Wednesday General Audience
The Pope gives St. John Chrysostom's key to preventing divorce
Pope Benedict during today's audience at St. Peter's Square
Pope Benedict during today's audience at St. Peter's Square

.- Pope Benedict XVI continued in his series of catecheses on the subject of the Fathers of the Church today in his General Audience. The church father that the pontiff drew upon is the saint known as the “Golden Mouth”, or perhaps more commonly as St. John Chrysostom.

The Holy Father stressed how St. Chrysostom teaches that if young couples want to avoid divorce, then they should be formed in their faith before marriage and once married, they should form their children from a young age.

St. John Chrysostom’s life

The Pope began by recalling the fact that this year marks the 16th centenary of the death of St. John Chrysostom, who was born in Antioch, in modern-day Turkey, in the year 349. "Called Chrysostom, meaning 'golden-mouthed,' for his eloquence, it could be said that he is still alive today through his works," the Holy Father observed.

"Ordained a deacon in 381 and a priest in 386, he became a famous preacher in the churches of his city; ... 387 was John's 'heroic year'," said Benedict XVI, the year of "the so-called 'revolt of the statues' when people destroyed the imperial statues as a sign of protest against the rise in taxes."

The Holy Father then went on to observe how this saint "was one of the most prolific of the Fathers, of him we have 17 treatises, more than 700 authentic homilies, his commentaries on Matthew and Paul, and 241 letters. He was not a speculative theologian. He transmitted the traditional and certain doctrine of the Church at a time of theological controversies, caused above all by Arianism,” a heresy which asserted that Jesus was only human.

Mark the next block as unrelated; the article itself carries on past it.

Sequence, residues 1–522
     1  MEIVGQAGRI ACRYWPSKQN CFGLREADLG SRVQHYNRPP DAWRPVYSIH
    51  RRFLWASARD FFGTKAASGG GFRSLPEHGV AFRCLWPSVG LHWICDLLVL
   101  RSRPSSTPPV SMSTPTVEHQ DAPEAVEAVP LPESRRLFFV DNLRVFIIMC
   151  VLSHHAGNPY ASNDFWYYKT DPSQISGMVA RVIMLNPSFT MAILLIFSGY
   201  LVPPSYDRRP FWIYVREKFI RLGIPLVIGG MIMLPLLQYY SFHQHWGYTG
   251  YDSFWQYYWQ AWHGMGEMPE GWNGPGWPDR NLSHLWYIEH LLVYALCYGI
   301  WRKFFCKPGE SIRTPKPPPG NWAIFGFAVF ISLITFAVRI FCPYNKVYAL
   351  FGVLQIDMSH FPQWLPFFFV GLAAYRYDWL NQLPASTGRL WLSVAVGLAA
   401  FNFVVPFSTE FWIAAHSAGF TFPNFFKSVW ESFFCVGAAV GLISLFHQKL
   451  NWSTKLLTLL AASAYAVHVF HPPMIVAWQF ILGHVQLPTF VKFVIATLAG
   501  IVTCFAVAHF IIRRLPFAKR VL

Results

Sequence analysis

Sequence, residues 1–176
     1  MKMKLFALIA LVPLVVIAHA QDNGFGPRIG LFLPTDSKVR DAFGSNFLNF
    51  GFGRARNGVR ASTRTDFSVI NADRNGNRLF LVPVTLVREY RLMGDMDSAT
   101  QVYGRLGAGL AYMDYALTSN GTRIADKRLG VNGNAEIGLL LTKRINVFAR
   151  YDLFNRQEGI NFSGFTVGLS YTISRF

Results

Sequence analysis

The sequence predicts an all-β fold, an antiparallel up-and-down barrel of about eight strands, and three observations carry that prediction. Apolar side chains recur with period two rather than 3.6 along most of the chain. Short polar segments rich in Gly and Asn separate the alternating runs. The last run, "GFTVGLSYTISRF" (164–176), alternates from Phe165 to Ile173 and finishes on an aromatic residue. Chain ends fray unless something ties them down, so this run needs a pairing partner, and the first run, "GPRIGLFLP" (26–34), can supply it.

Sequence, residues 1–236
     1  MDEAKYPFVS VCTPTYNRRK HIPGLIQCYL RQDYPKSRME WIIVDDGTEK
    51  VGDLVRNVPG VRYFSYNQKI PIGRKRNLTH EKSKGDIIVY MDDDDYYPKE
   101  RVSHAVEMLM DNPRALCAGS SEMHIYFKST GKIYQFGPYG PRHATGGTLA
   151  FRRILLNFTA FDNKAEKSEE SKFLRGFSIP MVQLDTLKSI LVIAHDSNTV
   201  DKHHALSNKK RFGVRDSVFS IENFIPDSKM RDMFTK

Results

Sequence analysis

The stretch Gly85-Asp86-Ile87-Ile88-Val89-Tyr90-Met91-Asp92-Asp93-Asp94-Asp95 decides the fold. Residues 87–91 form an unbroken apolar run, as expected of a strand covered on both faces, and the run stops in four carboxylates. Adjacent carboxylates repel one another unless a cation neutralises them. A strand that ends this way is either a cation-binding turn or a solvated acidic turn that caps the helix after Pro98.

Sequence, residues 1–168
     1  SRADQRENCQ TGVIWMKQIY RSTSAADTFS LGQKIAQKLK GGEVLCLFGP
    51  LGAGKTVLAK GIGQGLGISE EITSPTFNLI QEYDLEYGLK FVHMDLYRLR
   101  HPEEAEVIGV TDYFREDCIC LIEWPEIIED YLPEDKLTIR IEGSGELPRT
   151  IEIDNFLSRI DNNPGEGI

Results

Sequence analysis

Modern message of St. Chrysostom

Benedict XVI focused on how "St. John Chrysostom was concerned that his writings should accompany the integral - physical, intellectual and religious - development of the person." The Pope then explained how St. John thought a person should develop in their faith as they grow.

In his works, the saint highlighted the importance of childhood because it is then "that inclinations to vice and virtue appear. For this reason the law of God must, from the beginning, be impressed upon the soul 'as upon a wax tablet'."

Childhood, said the Pope referring to the saint's writings, "is followed by the sea of adolescence in which the gales blow violently as concupiscence grows within us."

For an age such as ours, that is witnessing constant attacks on the family, St. John Chrysostom had great words of wisdom for couples planning to marry.  The eloquent church father said, "that a well prepared husband and wife close the way to divorce: everything takes place joyfully and children can be educated to virtue. When the first child is born, he or she is like a bridge: the three become a single flesh because the child brings the two parts together and all together they constitute a family, a little Church."

The Pope also recalled how the saint used to address his writings to the lay faithful who, "through Baptism, take on the priestly office, royal and prophetic. ... This lesson of Chrysostom on the authentically Christian presence of the lay faithful in the family and in society is today more important than ever."

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